In April, Leaf Peepers released Lunchtime for Birdy, an eleven-track LP, on bandcamp. It will soon be released on vinyl by Feeding Tube Records in November.
Leaf Peepers is a temporal project, but Omeed Goodarzi and Nick Bisceglia, its two members, have deeper roots. They cover the terrain of Western Mass, Worcester and Lower Vermont.
There’s an idea that innovation hits the cities and then diffuses outwards; that un-urban art is folksy; that it is inherently peripheral. Living in Boston for some years, I became familiar with the particular stimmung that was coming from these other proximities.
It smacks like the union of quirk and potential energy.
It’s not an outwardly-focused, colonial approach to music. It’s modern, but not avant-garde. This is the je ne sais quoi that runs through Lunchtime for Birdy.
A defining quality of this album belongs to the creaking, yawning, and scuttering sounds of the everyday. Sometimes they foment, while the instrumentation, made up of guitar, alto recorder, keyboard, harpsichord and drums, maintains a sturdy foundation. Sometimes the metallic sounds of cybernetic glitching stir around a song that is otherwise clement and analog. Goodarzi and Bisceglia handle all these noises with easygoing grace, managing tangents that don’t unravel the whole composition.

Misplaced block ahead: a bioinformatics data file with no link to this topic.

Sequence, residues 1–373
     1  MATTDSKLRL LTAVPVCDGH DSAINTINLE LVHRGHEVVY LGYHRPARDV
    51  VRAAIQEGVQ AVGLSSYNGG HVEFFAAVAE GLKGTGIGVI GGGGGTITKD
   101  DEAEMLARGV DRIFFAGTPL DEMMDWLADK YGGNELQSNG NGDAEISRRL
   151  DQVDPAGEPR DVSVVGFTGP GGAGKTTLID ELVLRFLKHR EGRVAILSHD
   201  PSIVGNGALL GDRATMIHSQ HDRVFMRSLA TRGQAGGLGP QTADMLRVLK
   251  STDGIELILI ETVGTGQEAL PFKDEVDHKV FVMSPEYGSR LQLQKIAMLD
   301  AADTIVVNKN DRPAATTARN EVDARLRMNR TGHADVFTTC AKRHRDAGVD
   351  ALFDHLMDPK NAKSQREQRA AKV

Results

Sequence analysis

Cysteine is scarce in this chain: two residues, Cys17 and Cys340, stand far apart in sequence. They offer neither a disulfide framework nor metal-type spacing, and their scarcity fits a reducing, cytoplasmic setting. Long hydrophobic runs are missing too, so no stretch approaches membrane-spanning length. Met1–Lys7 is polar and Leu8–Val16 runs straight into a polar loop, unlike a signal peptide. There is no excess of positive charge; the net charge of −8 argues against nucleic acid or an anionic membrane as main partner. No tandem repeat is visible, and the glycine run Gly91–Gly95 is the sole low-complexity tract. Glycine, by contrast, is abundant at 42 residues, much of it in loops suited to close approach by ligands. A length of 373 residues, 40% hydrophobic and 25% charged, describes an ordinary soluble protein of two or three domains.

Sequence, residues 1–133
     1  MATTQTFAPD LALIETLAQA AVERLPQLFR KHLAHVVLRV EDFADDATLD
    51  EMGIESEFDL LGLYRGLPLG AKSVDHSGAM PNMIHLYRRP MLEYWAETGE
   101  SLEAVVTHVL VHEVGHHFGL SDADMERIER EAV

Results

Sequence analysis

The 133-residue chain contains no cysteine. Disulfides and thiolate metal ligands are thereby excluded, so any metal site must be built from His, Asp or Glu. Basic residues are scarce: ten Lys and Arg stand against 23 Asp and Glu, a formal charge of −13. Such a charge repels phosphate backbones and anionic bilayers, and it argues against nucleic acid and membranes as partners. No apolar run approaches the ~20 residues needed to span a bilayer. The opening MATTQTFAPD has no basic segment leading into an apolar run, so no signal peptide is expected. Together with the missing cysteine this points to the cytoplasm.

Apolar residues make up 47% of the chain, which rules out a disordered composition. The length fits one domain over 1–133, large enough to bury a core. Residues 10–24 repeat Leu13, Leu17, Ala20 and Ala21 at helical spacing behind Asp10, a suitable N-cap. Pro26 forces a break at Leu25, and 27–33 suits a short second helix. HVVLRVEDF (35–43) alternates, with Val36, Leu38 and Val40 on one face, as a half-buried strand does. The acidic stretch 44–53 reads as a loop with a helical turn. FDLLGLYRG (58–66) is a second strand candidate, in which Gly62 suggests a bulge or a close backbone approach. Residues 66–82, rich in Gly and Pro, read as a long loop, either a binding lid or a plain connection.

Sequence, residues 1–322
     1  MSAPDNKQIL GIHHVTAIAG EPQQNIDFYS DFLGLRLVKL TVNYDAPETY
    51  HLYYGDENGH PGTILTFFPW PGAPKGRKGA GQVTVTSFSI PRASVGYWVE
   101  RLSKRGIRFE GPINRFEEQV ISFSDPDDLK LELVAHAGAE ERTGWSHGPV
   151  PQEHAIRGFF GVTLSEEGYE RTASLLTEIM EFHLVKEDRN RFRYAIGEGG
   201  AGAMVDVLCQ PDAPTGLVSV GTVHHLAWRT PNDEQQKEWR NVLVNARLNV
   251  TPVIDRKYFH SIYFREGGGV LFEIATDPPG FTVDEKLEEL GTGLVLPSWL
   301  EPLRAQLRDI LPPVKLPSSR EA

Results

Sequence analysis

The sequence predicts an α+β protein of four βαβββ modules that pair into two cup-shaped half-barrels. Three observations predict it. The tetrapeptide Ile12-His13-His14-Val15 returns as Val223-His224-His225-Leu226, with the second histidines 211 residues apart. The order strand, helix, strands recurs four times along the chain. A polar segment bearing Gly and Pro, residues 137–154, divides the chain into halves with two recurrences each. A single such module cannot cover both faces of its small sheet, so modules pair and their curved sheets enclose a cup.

But don’t get me wrong: chaos is looming. It comes in the form of sedimentary anxiety that builds opacity over time. One may sense a tremor of hypnagogia in songs like Secret Agent, the last track off Birdy, which smacks of irony and undogged cynicism. Or in the suspicion of bureaucracy that one hears in lyrics like “a secret code was bought, but only read by those in the know,” from Mountain Day.
In these moments, Birdy feels less insular; it speaks to a sensibility that is of its era: over-imbuedness; immoderate media consumption to the point of fatigue; the fracturing of fact and omnipotence of conspiracy. Historical Revision Division, the second song off the album, sounds straight out of Kafka. There is lamentation that the 60s lost its spirit of breaking all the rules. But Birdy isn’t trying to break all the rules either. Nor does it give into the temptation to culture jam, or to attempt something transcendentally referential or hyperactive in scope.
It’s greatest experimentation exists largely in its handling of space: in Any Given Semblance is a Miracle, a Capella-type vocals structure a thicket around the lyrics and delicately plucked strings. The laughter, conversation and even sneezes that surrounded the creation of Birdy trickle into the finished product. A lot of what you hear, both in vocals and instrumentation, reads like a train of thought.
The overall effect, although capricious, is lacy and beautiful. Goodarzi’s vocals are tenderly unsentimental, and contribute just as readily to the friendly ochre as they do sardonics. Despite the pockets of cynicism, there is an overwhelming sense of benevolence.
It’s rare that an album so weird manages to be an earworm. Over and over the songs sneak into my mind’s subterrain. It’s welcomed; Lunchtime For Birdy materializes in a way resembling a patch of sunlight. As it passes over me, I am briefly taken to a cosm of gold hues and whole-body warmth. It’s absolutely wonderful.